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What is Delinquency?
A loan is delinquent when loan payments are not received by the due dates. A loan remains delinquent until the borrower makes up the missed payment(s) through payment, or by requesting to have their loans moved to a deferment or forbearance status.
Timeline of Federal Student Loan Delinquency:
15 to 30 Days Past Due
Within weeks of missing a payment, your loan servicer can start charging you late fees. They can charge you up to 6 percent for every dollar. So, if you missed a $100 payment, your fees could be up to $6.
31 to 90 Days Past Due
At this point, you can face additional late fees. This is also when non-monetary consequences begin. Late payments usually get reported to the consumer reporting agencies after about 90 days. So, your credit may begin to suffer.
This is also when emails, letters and phone calls about your past-due loan may kick in. If your servicer doesn’t have your current phone number or address, they may contact people you know to get that information.
91 to 240 Days Past Due
More fees and more damage to your credit score. Reports on your past-due loan are sent to consumer reporting agencies every 30 days.
These reports could begin to make it difficult for you to get additional lines of credit like a car loan or a mortgage, or even an apartment lease. They could also cause interest rates on your credit cards to begin to increase.
Once you reach 120 days or so, you need to act very quickly to avoid default.
270 or More Days Past Due
Federal student loans enter default at 270 days past due. Once that happens, you’ll face a number of new consequences.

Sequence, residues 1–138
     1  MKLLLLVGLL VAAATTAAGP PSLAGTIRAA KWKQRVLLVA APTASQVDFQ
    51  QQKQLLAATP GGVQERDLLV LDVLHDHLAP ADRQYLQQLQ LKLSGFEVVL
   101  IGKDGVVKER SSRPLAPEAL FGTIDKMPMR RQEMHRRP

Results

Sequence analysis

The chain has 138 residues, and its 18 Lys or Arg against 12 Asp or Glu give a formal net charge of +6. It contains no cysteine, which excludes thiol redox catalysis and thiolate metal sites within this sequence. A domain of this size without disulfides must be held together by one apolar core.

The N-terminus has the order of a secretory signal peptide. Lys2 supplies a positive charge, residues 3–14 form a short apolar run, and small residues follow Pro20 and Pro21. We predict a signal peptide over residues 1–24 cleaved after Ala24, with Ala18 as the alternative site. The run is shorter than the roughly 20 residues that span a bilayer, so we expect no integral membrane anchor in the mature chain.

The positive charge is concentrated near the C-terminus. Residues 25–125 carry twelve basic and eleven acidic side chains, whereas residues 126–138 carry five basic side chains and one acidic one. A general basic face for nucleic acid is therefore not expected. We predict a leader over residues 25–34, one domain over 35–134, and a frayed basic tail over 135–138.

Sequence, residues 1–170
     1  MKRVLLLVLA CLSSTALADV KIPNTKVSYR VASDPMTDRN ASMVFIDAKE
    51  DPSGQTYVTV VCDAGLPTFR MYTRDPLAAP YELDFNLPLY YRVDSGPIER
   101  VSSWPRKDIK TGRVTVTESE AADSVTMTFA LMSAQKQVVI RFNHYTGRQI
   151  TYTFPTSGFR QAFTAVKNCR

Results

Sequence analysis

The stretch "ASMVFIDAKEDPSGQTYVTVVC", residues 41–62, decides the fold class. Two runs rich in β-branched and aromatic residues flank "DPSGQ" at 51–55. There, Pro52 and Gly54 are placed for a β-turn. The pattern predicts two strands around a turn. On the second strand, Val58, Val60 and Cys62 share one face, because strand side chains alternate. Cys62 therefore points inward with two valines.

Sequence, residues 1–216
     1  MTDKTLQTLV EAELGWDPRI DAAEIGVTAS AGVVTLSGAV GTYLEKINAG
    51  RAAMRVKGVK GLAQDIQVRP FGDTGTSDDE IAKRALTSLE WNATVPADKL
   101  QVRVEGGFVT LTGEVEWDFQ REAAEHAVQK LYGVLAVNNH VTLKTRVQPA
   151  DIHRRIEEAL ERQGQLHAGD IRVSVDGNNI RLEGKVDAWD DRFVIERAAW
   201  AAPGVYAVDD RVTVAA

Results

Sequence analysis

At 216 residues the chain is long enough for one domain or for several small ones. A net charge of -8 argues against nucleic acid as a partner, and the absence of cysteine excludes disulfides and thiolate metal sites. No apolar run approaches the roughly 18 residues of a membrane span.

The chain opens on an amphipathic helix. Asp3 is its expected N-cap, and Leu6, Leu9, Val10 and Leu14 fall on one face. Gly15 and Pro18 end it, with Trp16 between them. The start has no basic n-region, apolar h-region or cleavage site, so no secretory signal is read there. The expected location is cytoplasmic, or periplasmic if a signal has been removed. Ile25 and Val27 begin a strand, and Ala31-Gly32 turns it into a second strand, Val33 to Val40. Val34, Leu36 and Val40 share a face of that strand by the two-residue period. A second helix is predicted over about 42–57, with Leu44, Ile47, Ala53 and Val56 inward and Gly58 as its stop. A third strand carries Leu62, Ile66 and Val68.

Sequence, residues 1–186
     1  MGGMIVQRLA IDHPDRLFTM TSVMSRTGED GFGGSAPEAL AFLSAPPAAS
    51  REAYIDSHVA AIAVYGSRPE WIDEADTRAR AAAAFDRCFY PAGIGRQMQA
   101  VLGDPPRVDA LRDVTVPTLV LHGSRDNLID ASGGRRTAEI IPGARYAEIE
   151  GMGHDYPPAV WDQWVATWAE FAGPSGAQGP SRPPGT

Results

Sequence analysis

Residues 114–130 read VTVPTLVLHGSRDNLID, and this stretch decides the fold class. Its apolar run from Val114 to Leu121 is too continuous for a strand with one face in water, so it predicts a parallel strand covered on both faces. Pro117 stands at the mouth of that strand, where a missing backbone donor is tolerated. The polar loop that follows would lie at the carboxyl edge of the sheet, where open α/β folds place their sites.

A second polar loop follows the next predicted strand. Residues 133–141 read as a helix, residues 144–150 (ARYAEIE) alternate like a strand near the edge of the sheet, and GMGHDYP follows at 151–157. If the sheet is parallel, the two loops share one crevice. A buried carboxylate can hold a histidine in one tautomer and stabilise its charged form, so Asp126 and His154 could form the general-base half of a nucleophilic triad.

Your entire loan balance becomes due in full, and its outstanding interest is added – capitalized – to the principal balance. This means you’ll be charged interest on the interest you haven’t paid. Plus, collection costs of 16 percent to 25 percent – and up to 40 percent on Perkins loans – may be added to your loan balance if you do not resolve the default in a timely manner.
In addition, the loan default will be reported to the consumer reporting agencies. This will severely damage your credit, and the entry will stay on your credit history for up to seven years, depending on how you deal with your defaulted loan.
To cover what you owe, the federal government can seize your state and federal tax refunds, other government payments like Social Security and up to 15 percent of your wages. You also will lose your eligibility to receive federal or state financial aid, including money you don’t have to repay like Pell grants.
Taking Advantage of your Options
If you find yourself falling behind, try to avoid getting discouraged. Instead, consider the options you may be able to take advantage of, depending on where you are in the process.
If you’ve just missed a payment or two, set up a reminder with your servicer, or on your phone or computer, so you remember in the future. You could also sign up for automatic payments, so you’ll be sure to pay on time. As a bonus, your servicer may reduce your interest rate for enrolling in auto-debit payments.
If you can’t afford your payments, don’t ignore the calls and emails you receive about your loans. The people contacting you may be able to walk you through alternate payment options.
For instance, you may be able to decrease your monthly payments with a different payment option that bases your payments on your income and not just your remaining balance. You also could temporarily postpone your payments with a deferment or forbearance.